YORK HERALD, 25th January 1890

Widow Killed

Sad Fatality At Arksey

A sad fatality occurred on the G.N.R. main line near Arksey Station on Saturday morning [11th October], the victim being a aged widow, Frances Amelia Harwood, who lived at the Arksey Almshouses.

The story of the accident was told before Mr F Allen the Doncaster District Coroner, who attended at the Plough Hotel, Arksey, on Monday to hold the inquest. Inspector Marks, G.N.R. Police, and Mr J A Baddiley, representing the Locomotive Drivers’ and Firemen’s Association, were present. Sarah Ann Charlesworth, 19, Broughton Avenue, Bentley, identified the body as that of her mother, who was the widow of George Harwood, of Summerscales, Derbyshire, brickmaker. She was 89 years of age, and though active, her eyesight and hearing were failing and she had a bad memory, and at times acted childishly.

Lucy Warner, widow, living at the Almshouses, said deceased spoke to her at 10.40 am on Saturday, saying “I am going over there” (meaning the coal tip), “will you go with me on Monday?” To get to the tip she would have to cross the G.N. main line by a footpath a short distance north of Arksey Station. She went the same way last week to gather sticks. She was the oldest inhabitant of the almshouses, and was able to look after herself. Arthur William Wright, 118, Alexandra Road, Grantham, engine driver on the Great Northern Railway, said that on Saturday he had charge of an engine running light from Doncaster to York. If there had been no signals against him he would have gone through at 30 miles per hour. Upon approaching Bentley Colliery, about 11.5 am, he saw deceased starting to cross the line about 100 yards in front of his engine. He sounded the whistle, but she took no notice. He sounded it again, shut off steam and applied the brake. Deceased looked the opposite way.

He was 150 yards away when he first sounded the whistle, and possibly 50 to 80 yards the second time. Deceased made no effort to get out of the way when the engine was close to her but the engine knocked her sideways on the left side of the road. Witness did not stop, but went on and reported the matter to the signalman at the Shaftholme junction, about a mile away. He would be running at about the rate of 30 miles per hour when the engine struck deceased. He could pull up a light engine in three or four hundred yards running at that speed. His instructions for such cases as this was to stop and render assistance, but under the present circumstances he thought it better to run on to Shaftholme.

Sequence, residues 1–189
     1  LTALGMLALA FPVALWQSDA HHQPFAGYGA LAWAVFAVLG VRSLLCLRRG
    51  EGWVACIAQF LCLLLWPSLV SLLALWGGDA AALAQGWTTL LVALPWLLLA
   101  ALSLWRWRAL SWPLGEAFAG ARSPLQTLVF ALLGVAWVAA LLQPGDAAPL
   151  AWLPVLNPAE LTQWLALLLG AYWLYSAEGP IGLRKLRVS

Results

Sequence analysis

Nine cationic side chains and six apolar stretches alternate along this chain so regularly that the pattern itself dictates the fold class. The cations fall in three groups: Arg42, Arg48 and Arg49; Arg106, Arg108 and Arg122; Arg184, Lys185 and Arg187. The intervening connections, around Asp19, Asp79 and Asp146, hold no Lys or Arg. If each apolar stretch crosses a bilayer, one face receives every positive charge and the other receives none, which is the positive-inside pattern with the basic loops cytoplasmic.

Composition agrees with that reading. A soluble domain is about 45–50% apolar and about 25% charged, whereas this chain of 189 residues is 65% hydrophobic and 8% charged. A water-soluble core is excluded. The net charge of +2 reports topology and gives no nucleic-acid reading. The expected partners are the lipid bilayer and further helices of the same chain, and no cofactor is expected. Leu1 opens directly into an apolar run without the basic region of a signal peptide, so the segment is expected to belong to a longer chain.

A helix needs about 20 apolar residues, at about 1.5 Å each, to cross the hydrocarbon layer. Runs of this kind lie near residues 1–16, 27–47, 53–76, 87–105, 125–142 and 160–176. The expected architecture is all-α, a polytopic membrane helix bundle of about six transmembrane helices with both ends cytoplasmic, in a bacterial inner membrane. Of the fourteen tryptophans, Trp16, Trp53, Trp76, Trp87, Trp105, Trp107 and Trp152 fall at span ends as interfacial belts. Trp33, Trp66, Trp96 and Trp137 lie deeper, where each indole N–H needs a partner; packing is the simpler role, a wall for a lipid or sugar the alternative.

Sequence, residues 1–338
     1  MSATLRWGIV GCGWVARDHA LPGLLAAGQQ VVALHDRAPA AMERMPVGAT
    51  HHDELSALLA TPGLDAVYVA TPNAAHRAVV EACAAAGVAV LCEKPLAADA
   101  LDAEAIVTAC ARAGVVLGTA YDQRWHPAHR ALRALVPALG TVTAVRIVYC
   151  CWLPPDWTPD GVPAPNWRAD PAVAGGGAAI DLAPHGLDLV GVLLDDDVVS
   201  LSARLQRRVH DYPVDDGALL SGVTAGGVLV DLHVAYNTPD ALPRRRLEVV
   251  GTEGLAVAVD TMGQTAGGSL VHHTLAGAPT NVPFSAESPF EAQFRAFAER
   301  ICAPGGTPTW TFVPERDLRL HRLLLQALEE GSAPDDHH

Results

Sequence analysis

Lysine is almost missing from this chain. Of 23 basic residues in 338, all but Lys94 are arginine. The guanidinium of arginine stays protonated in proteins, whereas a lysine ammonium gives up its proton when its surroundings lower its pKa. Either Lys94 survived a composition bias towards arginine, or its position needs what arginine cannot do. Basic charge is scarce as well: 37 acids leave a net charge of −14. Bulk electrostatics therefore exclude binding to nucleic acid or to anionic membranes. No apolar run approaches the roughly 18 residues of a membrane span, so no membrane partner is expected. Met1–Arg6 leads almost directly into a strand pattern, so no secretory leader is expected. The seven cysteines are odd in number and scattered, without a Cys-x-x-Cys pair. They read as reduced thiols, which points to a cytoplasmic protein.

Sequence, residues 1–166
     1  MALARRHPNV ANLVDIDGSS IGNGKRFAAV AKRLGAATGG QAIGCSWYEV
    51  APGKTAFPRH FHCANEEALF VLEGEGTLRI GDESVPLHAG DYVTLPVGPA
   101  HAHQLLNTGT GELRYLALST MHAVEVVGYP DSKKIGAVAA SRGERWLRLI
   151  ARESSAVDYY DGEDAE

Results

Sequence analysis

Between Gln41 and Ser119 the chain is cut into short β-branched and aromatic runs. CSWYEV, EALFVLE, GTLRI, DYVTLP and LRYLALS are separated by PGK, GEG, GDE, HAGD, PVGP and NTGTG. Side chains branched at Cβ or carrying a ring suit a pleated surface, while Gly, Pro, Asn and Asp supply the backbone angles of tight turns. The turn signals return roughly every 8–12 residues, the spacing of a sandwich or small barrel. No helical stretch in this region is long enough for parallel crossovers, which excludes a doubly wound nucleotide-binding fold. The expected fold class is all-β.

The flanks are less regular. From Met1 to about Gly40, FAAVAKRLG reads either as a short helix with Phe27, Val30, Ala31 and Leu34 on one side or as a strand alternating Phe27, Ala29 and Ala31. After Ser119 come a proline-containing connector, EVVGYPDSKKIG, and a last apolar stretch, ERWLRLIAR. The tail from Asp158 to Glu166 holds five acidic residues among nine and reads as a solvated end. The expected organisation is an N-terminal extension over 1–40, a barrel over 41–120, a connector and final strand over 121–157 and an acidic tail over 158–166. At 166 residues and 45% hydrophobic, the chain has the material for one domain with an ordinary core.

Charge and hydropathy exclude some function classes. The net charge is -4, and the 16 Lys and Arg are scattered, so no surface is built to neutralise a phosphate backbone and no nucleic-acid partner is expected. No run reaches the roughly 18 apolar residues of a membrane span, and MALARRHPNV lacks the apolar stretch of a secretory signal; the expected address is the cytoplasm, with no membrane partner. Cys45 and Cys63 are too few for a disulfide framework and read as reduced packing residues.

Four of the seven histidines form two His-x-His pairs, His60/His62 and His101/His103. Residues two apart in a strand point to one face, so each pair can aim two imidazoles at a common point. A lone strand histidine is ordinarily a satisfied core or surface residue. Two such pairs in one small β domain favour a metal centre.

Questioned by Mr Baddiley, the driver said his position on the footplate was on the right side. When he blew his whistle he thought the deceased would stop. He looked out over the left side of the engine and saw her fall on the left side, clear of the engine. Albert Thornton, living at Scholey’s Yard [off High Street], Arksey, platelayer, said he went and found the body 17 yards north of the footpath which crosses the line, about half a mile north of Arksey Station. The body was on the grass and quite dead.

PC Grimshaw said he had examined the body and found the skull fractured, the right arm, left leg, and right shoulder blade broken. The engine did not appear to have passed over the body.

A verdict of “Accidental death” was entered SHEFFIELD EVENING TELEGRAPH, 31st December 1896

Death in a Railway Carriage

‘This morning, the Doncaster Borough Coroner (Mr T. B. Sugden) held an inquest concerning the death of Mr Joseph Davey, earthenware dealer, Silver Street. The deceased was 64 years of age, and on Tuesday visited his daughter, Mrs Sowerby, at Knottingley. He walked to the station and left at 20 minutes to nine for Doncaster. On the way to the station he complained of feeling unwell, and had previously suffered from bronchitis and his heart. Robert Hall, guard of the train, said his attention was called to the deceased at Arksey, and he was then kneeling on the bottom of the carriage, his head being against the seat. thinking that he was asleep, the guard eased him and closed the door. When the train arrived at Doncaster it was found that he was dead. Dr MacKay, who had held a post-mortem examination, said that death was due to syncope caused by fatty degeneration of the heart. The jury returned a verdict accordingly.

Porter Mervyn Senior, clerk Dorothy and Station Master Ron Edwards, unknown photographer and date, but probably close to or on theclosure date – 5th August 1952. Porter Mervyn Senior, clerk Dorothy and Station Master Ron Edwards, unknown photographer and date, but probably close to or on the closure date – 5th August 1952.

From GNN December 2021
Written by Alison Vainlo